THERMAL EFFECTS OF VARIOUS CHEMICAL REACTIONS OBSERVATION SYSTEM
Keywords:heating effects, chemical processes, Temperature change, Calorimeter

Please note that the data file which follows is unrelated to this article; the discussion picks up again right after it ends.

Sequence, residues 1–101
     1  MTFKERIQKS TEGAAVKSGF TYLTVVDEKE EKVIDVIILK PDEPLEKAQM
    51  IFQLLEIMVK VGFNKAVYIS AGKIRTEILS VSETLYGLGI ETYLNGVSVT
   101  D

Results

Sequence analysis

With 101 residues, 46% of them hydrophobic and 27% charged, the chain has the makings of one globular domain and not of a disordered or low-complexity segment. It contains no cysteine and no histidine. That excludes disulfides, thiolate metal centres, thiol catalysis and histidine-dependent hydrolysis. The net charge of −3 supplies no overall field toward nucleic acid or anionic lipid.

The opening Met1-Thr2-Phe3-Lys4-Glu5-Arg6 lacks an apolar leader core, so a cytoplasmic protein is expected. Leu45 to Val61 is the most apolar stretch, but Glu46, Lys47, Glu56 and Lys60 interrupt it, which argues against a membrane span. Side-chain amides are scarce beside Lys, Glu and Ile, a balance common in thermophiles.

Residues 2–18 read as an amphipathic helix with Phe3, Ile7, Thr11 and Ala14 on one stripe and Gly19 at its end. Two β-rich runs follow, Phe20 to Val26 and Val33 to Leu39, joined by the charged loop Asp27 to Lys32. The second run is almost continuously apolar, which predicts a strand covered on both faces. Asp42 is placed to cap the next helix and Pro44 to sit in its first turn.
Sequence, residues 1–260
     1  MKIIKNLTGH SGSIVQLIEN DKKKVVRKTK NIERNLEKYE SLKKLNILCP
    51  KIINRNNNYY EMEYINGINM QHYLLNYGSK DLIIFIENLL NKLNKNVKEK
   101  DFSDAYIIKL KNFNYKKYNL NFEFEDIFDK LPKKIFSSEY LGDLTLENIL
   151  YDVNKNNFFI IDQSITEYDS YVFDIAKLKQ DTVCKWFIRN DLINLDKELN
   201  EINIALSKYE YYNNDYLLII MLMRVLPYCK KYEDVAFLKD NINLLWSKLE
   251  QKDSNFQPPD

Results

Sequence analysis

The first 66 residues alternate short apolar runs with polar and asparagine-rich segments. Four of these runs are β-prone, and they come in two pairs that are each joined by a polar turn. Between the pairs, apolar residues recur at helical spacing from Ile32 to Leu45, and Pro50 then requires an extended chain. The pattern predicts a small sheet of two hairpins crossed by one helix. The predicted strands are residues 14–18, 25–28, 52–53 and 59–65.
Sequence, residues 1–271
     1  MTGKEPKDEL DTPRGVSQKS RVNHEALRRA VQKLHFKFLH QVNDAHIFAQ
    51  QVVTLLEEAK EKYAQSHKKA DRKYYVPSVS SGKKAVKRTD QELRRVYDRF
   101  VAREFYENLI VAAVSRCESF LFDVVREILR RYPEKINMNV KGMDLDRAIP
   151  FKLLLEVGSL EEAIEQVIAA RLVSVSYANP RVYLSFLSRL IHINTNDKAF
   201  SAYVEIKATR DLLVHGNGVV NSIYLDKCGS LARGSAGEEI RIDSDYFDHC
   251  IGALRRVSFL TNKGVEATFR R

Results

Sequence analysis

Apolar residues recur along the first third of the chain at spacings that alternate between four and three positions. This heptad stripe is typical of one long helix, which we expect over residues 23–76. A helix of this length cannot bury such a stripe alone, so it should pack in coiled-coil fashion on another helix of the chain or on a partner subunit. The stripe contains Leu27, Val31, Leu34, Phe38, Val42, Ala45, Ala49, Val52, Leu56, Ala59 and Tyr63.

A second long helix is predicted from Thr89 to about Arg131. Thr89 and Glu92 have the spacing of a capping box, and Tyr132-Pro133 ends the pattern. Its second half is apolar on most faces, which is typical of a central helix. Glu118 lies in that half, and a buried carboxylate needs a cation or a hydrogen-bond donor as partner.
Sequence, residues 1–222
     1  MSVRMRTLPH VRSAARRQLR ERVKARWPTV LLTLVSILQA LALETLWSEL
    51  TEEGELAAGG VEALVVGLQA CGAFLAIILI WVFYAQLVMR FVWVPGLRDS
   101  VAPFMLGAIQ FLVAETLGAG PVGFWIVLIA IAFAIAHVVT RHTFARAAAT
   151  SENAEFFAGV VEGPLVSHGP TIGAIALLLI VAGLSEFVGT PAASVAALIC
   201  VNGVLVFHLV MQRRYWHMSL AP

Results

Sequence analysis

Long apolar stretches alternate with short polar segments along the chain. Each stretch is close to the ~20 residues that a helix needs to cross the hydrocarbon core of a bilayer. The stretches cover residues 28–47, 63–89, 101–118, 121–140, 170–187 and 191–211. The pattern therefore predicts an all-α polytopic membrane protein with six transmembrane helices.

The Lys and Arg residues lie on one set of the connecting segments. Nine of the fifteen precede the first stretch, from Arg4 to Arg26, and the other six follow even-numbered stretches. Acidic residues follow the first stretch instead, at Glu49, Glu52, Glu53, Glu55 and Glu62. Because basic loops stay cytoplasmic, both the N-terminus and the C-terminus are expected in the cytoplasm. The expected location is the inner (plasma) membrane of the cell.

Chemical bond formation and breakage cause energy to be released or absorbed during chemical processes. Understanding the energy changes that take place during chemical reactions requires research on the thermal consequences of chemical processes. The heat effects of numerous chemical processes are measured and examined in this research work using an observation system. The differential scanning calorimeter (DSC), which detects the heat emitted or absorbed during a chemical process, is the observation system. A sample holder that can contain tiny amounts of sample is included with the DSC (typically a few milligrams). A furnace with a temperature control system run by a computer is used to house the sample holder. When a sample and a reference material are heated or cooled, the temperature differential between them is measured by the DSC. The heat emitted or absorbed by the sample during a chemical reaction may be calculated by measuring and recording the heat flow necessary to maintain this temperature difference. The temperature effects of many chemical reactions, such as the burning of ethanol, the interaction between sodium hydroxide and hydrochloric acid, and the breakdown of calcium carbonate, were measured using the observation system. The findings demonstrate that the DSC may be used to precisely quantify the heat produced or absorbed during these events. The enthalpy change (H) for each reaction was calculated using the DSC measurements that were acquired.